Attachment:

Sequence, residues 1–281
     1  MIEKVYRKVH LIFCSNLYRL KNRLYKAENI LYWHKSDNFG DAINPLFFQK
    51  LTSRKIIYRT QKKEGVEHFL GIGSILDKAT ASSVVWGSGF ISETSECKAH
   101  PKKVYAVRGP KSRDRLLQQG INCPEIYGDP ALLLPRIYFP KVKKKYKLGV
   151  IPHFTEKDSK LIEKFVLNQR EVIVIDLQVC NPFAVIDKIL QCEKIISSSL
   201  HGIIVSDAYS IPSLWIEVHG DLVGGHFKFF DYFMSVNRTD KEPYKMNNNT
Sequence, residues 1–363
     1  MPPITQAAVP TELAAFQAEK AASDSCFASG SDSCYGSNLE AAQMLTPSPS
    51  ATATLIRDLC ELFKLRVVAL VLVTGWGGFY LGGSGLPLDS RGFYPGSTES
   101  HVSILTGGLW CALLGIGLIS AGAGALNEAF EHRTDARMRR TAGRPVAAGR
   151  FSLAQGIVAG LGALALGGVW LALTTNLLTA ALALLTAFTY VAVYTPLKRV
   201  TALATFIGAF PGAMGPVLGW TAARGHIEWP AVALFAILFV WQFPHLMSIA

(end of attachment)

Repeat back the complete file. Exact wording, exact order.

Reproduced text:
Sequence, residues 1–281
     1  MIEKVYRKVH LIFCSNLYRL KNRLYKAENI LYWHKSDNFG DAINPLFFQK
    51  LTSRKIIYRT QKKEGVEHFL GIGSILDKAT ASSVVWGSGF ISETSECKAH
   101  PKKVYAVRGP KSRDRLLQQG INCPEIYGDP ALLLPRIYFP KVKKKYKLGV
   151  IPHFTEKDSK LIEKFVLNQR EVIVIDLQVC NPFAVIDKIL QCEKIISSSL
   201  HGIIVSDAYS IPSLWIEVHG DLVGGHFKFF DYFMSVNRTD KEPYKMNNNT
Sequence, residues 1–363
     1  MPPITQAAVP TELAAFQAEK AASDSCFASG SDSCYGSNLE AAQMLTPSPS
    51  ATATLIRDLC ELFKLRVVAL VLVTGWGGFY LGGSGLPLDS RGFYPGSTES
   101  HVSILTGGLW CALLGIGLIS AGAGALNEAF EHRTDARMRR TAGRPVAAGR
   151  FSLAQGIVAG LGALALGGVW LALTTNLLTA ALALLTAFTY VAVYTPLKRV
   201  TALATFIGAF PGAMGPVLGW TAARGHIEWP AVALFAILFV WQFPHLMSIA